Posted on June 6, 2012
In this article, we’ll look at the statistics gathered from 1300 choruses, verses, etc. of popular songs to discover the answer to a few basic questions.
First we’ll look at the relative popularity of different chords based on the frequency that they appear in the chord progressions of popular music.
Then we’ll begin to look at the relationship that different chords have with one another.
For example, if a chord is found in a song, what can we say about the probability for what the next chord will be that comes after it?
This is an analysis of mainly “popular” music, not jazz or classical, so the results are not meant to be treated as universal. If you’re interested, you can check out the database here.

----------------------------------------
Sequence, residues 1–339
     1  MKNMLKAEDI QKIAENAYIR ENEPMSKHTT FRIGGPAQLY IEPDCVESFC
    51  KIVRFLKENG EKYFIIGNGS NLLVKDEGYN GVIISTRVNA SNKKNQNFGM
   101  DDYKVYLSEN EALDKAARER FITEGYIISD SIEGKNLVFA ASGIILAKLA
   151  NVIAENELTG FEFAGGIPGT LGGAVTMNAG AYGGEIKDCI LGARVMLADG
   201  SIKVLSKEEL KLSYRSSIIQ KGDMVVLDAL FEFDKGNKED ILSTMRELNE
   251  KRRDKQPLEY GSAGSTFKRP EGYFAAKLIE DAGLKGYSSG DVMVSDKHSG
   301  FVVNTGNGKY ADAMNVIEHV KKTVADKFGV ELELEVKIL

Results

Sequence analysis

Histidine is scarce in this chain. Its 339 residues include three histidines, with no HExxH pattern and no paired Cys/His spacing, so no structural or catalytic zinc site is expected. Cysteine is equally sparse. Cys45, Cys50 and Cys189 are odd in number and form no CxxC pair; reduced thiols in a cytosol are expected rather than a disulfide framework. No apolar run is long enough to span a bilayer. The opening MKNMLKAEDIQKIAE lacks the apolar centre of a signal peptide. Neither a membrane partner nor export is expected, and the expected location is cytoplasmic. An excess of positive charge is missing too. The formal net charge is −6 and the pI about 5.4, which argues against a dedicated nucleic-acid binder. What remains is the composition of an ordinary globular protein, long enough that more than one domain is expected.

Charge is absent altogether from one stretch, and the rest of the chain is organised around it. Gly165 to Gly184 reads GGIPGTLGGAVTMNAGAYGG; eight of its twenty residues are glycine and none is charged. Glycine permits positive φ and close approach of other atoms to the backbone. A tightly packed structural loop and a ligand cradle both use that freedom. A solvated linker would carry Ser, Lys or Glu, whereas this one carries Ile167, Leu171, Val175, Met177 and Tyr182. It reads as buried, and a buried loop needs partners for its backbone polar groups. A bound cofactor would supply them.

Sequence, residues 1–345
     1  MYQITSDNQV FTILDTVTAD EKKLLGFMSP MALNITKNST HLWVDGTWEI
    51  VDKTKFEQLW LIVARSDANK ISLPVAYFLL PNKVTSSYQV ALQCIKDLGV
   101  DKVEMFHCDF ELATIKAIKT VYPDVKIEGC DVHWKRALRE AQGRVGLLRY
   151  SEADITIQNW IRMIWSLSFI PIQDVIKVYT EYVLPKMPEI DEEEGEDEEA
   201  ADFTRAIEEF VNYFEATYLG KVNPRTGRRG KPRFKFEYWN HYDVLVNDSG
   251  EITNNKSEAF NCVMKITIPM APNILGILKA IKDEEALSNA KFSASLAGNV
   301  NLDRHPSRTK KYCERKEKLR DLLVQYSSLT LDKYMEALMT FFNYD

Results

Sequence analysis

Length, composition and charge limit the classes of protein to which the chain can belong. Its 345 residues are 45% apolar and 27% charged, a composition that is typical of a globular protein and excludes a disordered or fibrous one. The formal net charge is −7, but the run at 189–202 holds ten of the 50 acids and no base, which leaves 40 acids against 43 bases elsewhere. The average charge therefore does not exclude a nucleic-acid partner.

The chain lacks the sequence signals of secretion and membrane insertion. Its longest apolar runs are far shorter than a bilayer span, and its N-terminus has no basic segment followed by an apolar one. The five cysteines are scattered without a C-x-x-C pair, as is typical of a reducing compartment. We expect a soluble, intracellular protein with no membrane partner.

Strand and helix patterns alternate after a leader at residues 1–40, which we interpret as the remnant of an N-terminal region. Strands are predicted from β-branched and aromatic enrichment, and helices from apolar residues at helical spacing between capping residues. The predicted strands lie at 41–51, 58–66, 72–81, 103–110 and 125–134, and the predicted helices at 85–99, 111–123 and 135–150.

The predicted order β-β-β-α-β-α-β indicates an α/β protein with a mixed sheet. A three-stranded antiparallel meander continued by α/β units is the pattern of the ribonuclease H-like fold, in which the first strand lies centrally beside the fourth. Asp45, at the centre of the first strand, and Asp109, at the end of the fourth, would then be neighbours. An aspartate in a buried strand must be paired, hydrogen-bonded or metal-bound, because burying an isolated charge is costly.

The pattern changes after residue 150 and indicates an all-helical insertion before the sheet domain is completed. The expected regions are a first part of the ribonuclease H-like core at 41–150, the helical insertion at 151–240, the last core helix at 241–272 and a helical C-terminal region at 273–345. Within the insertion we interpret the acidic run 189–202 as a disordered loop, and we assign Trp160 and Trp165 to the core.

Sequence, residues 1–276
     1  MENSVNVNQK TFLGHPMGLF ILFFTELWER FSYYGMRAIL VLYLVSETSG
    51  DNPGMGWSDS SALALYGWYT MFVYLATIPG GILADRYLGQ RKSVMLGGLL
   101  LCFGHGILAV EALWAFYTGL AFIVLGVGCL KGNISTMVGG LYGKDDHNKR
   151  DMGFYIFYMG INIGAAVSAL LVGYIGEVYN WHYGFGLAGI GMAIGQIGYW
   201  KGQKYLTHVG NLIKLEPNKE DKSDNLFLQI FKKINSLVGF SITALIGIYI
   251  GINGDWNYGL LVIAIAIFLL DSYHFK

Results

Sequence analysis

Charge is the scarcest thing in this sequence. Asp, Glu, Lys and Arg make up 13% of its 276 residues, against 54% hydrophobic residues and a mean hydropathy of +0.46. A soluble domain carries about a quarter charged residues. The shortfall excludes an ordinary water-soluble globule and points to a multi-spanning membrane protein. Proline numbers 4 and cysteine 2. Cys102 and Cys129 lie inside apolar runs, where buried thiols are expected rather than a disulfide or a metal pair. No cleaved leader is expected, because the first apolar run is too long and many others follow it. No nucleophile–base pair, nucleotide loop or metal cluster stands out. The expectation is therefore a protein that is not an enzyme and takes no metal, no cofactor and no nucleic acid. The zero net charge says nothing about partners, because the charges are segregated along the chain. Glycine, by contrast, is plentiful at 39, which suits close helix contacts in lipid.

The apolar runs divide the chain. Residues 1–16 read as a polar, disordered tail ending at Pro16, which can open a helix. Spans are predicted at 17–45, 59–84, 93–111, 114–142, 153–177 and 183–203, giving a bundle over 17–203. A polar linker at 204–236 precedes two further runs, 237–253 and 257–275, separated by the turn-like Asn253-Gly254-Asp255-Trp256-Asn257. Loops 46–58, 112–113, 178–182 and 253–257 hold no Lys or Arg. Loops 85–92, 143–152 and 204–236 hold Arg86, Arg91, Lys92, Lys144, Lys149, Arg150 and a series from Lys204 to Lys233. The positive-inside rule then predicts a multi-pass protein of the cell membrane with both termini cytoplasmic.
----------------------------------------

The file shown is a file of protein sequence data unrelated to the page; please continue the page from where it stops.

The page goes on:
The entries contain raw information about the chords and melody, while throwing out information about the arrangement and instrumentation.
Half the songs in the world are G, C, D, Em.
Three chords and the truth.
Alot of songs today seem to have a familiar nursery rhyme going on in it. Like that Gotye track that has bah bah black sheep in it.
What we need is more real drummers.